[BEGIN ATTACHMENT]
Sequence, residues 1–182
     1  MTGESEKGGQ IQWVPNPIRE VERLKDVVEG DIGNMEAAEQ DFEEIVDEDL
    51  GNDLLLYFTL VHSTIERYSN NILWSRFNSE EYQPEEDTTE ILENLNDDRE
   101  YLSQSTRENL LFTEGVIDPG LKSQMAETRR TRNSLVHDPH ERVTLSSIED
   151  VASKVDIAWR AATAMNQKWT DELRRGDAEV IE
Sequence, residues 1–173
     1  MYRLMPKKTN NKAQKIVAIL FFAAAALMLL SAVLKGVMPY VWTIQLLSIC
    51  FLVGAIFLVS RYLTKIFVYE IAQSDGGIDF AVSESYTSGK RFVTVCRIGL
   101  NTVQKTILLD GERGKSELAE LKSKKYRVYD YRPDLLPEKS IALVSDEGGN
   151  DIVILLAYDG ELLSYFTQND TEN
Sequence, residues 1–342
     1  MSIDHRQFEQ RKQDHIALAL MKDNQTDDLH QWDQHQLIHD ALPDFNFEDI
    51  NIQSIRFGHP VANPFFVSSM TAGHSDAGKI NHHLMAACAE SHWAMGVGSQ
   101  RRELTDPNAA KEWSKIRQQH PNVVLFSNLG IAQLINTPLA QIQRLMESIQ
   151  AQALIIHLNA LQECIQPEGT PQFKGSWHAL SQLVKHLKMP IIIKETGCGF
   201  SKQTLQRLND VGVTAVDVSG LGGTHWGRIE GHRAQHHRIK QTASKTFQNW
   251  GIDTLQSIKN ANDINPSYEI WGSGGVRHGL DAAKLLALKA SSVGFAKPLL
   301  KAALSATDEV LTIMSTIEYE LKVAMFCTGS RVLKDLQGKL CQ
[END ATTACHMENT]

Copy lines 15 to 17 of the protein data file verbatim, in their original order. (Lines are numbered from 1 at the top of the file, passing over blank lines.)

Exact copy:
   151  AQALIIHLNA LQECIQPEGT PQFKGSWHAL SQLVKHLKMP IIIKETGCGF
   201  SKQTLQRLND VGVTAVDVSG LGGTHWGRIE GHRAQHHRIK QTASKTFQNW
   251  GIDTLQSIKN ANDINPSYEI WGSGGVRHGL DAAKLLALKA SSVGFAKPLL